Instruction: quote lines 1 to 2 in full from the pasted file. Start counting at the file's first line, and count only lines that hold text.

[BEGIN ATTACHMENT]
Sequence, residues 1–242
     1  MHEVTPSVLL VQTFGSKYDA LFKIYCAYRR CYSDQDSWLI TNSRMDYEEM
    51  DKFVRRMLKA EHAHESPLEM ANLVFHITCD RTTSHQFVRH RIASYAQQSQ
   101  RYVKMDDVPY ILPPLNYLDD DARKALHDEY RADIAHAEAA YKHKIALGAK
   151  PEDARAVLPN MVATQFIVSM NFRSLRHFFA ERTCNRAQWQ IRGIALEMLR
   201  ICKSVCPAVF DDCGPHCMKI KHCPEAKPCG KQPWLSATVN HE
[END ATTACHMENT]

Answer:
Sequence, residues 1–242
     1  MHEVTPSVLL VQTFGSKYDA LFKIYCAYRR CYSDQDSWLI TNSRMDYEEM